Self-Management: A New Study?


A recent study compared a couple of different ways of organising a production environment.

Both groups had 40 employees.  The first group had seven types of roles and was divided into 14 subgroups, with coordination, integration and continuity of the work being the responsibility of management.

The second group coordinated itself.  They had the same roles as the first group, but they decided themselves who would rotate to what tasks and which shifts they would work.

Here’s the findings:

  • Second group demonstrated a much higher standard of workingship – tidier workspace, hardware well maintained, whereas the first group was more….sloppy
  • The second group spent 0.5% of their time on ‘non-productive ancillary work’, the first group 33% (yep!)
  • The second group had 60% less absence from the workplace, be it sickness, accident or no reason at all.
  • And in terms of production….the second group produced 50% more than the first50%!  Or to put it another way, the first group was at 78% of potential, the second at 95%.

What’s the study?

Well…I have to come clean.  By ‘recent’, I was more on a geological timescale.  The study was conducted in the 1950s.

Two hundred kilometres southwest, teenager John Lennon hadn’t even formed the Quarrymen, let alone the Beatles.

The production wasn’t software development.  It was coal mining.  In Durham, UK.  The work was getting the coal from long walls.  Fun stuff.

You can read about it in Gerrit Broekstra’s book Building High-Performance, High Trust Organizations.

You see, the results on this stuff are in – when people have some sort of control/autonomy/authority over their own work….things are better.  We don’t need further studies on this, and if you just ponder anything in your own work life where you’ve felt totally into it…I’m sure these conditions were there.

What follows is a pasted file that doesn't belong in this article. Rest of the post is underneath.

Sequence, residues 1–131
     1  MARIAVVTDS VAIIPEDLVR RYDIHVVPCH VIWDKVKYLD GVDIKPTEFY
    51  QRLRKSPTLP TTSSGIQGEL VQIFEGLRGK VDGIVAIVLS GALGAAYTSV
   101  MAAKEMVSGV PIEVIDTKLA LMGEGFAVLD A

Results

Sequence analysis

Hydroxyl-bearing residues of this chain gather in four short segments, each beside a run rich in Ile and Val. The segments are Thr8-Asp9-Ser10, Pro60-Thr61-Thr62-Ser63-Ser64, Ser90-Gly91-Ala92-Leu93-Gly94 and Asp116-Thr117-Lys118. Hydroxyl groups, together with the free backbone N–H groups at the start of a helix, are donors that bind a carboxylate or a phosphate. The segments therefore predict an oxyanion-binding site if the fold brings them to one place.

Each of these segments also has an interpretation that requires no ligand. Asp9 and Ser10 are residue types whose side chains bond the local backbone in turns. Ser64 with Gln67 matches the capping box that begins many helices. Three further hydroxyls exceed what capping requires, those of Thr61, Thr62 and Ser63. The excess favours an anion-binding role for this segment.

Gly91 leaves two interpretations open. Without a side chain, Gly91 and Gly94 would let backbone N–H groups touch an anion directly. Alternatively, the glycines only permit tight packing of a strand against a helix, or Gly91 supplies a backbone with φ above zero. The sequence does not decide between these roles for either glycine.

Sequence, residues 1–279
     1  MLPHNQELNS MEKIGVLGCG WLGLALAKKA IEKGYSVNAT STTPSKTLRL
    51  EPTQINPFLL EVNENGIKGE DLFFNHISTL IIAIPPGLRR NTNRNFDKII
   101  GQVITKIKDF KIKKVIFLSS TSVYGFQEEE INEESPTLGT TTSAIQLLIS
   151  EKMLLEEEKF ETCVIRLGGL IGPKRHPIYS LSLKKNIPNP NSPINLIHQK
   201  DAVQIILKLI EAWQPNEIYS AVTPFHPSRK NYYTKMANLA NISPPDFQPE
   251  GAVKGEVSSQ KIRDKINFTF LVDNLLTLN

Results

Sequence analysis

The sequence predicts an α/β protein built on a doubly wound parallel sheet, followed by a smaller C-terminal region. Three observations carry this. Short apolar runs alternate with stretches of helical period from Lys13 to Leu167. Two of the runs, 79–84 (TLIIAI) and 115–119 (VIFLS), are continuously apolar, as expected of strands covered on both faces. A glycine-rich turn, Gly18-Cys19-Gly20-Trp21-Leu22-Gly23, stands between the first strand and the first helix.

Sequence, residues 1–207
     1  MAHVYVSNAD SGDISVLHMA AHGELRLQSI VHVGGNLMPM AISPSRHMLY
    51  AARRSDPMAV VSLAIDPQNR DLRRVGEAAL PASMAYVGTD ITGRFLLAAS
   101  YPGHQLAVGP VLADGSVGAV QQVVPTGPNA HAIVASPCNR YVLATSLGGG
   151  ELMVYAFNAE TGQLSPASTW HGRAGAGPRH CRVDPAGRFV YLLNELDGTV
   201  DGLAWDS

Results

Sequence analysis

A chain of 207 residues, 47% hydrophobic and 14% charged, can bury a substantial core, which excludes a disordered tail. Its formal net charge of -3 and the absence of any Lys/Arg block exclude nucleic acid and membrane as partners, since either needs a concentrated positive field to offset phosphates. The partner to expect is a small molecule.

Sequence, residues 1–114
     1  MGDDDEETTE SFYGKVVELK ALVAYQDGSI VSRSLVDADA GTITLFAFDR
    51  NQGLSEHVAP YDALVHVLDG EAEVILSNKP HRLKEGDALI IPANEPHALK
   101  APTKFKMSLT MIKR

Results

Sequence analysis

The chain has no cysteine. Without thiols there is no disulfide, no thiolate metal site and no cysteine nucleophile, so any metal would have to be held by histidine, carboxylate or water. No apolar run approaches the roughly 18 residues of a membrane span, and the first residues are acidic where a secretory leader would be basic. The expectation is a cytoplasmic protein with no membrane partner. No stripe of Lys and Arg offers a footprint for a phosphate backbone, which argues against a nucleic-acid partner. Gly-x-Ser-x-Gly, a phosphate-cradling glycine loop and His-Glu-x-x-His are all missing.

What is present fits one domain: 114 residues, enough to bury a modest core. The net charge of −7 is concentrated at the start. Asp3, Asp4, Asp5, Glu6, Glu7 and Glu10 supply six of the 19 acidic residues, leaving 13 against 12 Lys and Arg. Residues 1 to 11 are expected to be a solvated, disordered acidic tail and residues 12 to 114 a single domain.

So, here’s some thoughts on what we’re seeing here, and in similar studies and examples of self-managing enterprises:

  • The automatic conclusion is not ‘get rid of managers’.  Studies like this help managers see how to add value, which is about helping the team enable itself to do great work.  Both groups in the study above still had managers, but in the second group, managers were able to focus on safety and support…in other words, were able to be of service (for those who have done our workshops or our online training, the word ‘Service’ is no coincidence)
  • Nor does this study mean managers get to say ‘OK, HAVE the authority then, do it  YOURSELF‘, and walk away.  This is called abdication.  Managers have a useful and necessary role in clarifying what is required of a team to be valuable to it’s customers, then being of service to the team in helping it to achieve those requirements. In other words, the exact opposite to set-and-forget, it’s set-and-contribute. 
  • Getting to a situation where a team takes control of it’s own organising requires psychological work on behalf of both managers and employees.  As Peter Block writes in Stewardship, employees are asked to give up their need to be dependent (and therefore be safe) and blame ‘management’, and managers are asked to give up their need to dominate (and therefore be safe) how the work is done and blame employees.
  • What we are looking for are both Managers and Employees contributing as partners to the purpose and requirements of the team.   Not as parents and children.  Easy to say.  To do, however, requires a level of self-reflection not everyone is up for.
  • And this is what’s hard about organisational life – we can talk accountability all we like, and we can visit consequences onto people who don’t keep their promises, but in the end, taking ownership is an individual choice.

This is what we need to talk more about – the choices we are making, whether we are choosing self-interest, and acknowledge we are always welcome to instead choose to serve the team or the organisation.

The Durham coal miners study is not a shining example of self-organisation.

It’s a shining example of what happens when everyone is treated like an adult and chooses accountability.

That’s the hardest choice.


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